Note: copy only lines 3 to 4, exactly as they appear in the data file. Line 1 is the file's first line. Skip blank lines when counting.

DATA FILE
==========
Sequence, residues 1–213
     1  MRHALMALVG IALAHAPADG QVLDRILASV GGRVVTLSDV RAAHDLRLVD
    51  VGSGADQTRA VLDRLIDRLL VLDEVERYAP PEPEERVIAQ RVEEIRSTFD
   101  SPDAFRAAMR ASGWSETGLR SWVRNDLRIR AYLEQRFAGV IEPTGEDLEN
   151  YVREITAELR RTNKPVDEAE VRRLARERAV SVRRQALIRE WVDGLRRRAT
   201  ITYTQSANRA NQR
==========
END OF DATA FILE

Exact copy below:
    51  VGSGADQTRA VLDRLIDRLL VLDEVERYAP PEPEERVIAQ RVEEIRSTFD
   101  SPDAFRAAMR ASGWSETGLR SWVRNDLRIR AYLEQRFAGV IEPTGEDLEN